Why Cooking Can Be So Therapeutic

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Two years after her first cookbook was released, Chrissy Teigen is back with more recipes for us — and this time, she gets a little more personal.
In Cravings: Hungry For More, Teigen shares that cooking helped her cope as she was recovering from postpartum depression, and it did wonders for her mental health.
"Postpartum depression really kicked me in the ass, and it took be a while to get strong again, to feel good, to get off the couch and, quite frankly, to have an appetite for anything but a pillow and blanket," she writes in the book. "It sounds like a cliché, but starting to cook again really helped me get back on my feet and get back into normal life," she writes.
As it turns out, there are psychological benefits to cooking and baking. A 2016 study published in the Journal of Positive Psychology suggested that small, creative tasks — such as cooking — can make people a little happier and more relaxed. And Marni Amsellem, PhD, a clinical psychologist at Smart Health Psychology, says making a meal can be therapeutic for plenty of reasons, including that it results in something tangible that you can nourish yourself with.
"Generally speaking, [cooking and baking are] creative outlets and outlets of productivity," Dr. Amsellem says. "We tend to feel nurtured when we take care of ourselves, and sometimes engaging in creative activities is something that can do that for us."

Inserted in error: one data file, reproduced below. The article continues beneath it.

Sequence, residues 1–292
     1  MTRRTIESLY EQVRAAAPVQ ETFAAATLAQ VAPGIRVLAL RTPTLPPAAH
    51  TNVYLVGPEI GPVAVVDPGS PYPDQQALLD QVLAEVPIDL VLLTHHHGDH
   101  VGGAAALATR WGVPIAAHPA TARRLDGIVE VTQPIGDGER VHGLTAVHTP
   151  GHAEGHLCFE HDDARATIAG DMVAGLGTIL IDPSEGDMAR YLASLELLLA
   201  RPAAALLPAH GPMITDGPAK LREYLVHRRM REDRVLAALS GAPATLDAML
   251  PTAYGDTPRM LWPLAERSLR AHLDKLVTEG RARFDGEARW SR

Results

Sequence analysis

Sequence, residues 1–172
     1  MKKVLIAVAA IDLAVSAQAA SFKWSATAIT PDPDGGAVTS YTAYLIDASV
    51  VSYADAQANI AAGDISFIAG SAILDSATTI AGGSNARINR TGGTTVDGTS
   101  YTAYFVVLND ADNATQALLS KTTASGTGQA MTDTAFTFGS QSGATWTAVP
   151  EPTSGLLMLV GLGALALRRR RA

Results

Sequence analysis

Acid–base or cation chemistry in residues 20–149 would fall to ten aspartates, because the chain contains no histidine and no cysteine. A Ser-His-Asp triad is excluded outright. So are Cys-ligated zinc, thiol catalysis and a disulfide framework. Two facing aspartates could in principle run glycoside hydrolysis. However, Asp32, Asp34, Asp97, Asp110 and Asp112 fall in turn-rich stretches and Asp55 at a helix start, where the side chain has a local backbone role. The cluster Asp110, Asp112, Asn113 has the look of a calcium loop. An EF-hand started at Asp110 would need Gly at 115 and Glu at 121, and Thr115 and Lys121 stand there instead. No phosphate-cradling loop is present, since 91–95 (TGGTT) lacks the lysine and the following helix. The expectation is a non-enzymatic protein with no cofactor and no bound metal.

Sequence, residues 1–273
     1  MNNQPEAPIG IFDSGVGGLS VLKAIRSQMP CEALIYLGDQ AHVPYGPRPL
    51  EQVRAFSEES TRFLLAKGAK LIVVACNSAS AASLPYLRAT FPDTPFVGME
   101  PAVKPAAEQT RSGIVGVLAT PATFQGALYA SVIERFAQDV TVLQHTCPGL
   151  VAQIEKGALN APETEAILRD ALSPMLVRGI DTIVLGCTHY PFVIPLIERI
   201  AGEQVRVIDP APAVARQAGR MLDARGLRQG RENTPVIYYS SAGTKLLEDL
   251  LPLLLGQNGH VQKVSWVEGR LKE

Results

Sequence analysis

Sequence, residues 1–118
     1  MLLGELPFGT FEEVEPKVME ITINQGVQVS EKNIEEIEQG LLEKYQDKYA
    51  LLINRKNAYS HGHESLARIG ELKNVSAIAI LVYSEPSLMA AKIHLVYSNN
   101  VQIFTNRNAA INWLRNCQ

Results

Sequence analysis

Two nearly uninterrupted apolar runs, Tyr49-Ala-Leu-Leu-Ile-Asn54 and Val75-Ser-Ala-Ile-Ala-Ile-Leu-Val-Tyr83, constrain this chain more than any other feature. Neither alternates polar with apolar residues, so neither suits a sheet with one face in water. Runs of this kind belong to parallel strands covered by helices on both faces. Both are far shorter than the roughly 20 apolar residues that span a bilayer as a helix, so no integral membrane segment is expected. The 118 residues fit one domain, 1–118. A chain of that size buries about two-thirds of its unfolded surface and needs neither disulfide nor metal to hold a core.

You're taking that stress, anxiety, whatever it is that’s ailing you and turning it into something tangible.

Marni Amsellem, PhD
Plus, the whole act of cooking a meal can be a relatively easy and mindless task that gives you something to do with your hands — which can help alleviate anxiety and depression.
"When you are feeling depressed, it can be extremely therapeutic to activate behaviorally, [and] do something," Dr. Amsellem says, adding that when you have low motivation, it helps to start doing something, even if you're just going through the motions. And cooking is especially suited to that because it rarely requires a ton of emotional labor.
Not to mention, when you're cooking or baking, you're literally doing something for yourself, or someone else if you're prepping a meal for your family or friends. Either way, doing something to take care of yourself or others can also be hugely therapeutic.
"The idea of doing something for someone else really is associated with feeling good," Dr. Amsellem says. "You're taking that stress, anxiety, whatever it is that’s ailing you and turning it into something tangible and positive that could perhaps bring others joy."
So whether you're following Teigen's recipes or whipping up something of your own, cooking really can be a productive and satisfying way to practice self-care.
If you are experiencing postpartum depression, please call the Postpartum Support Helpline.

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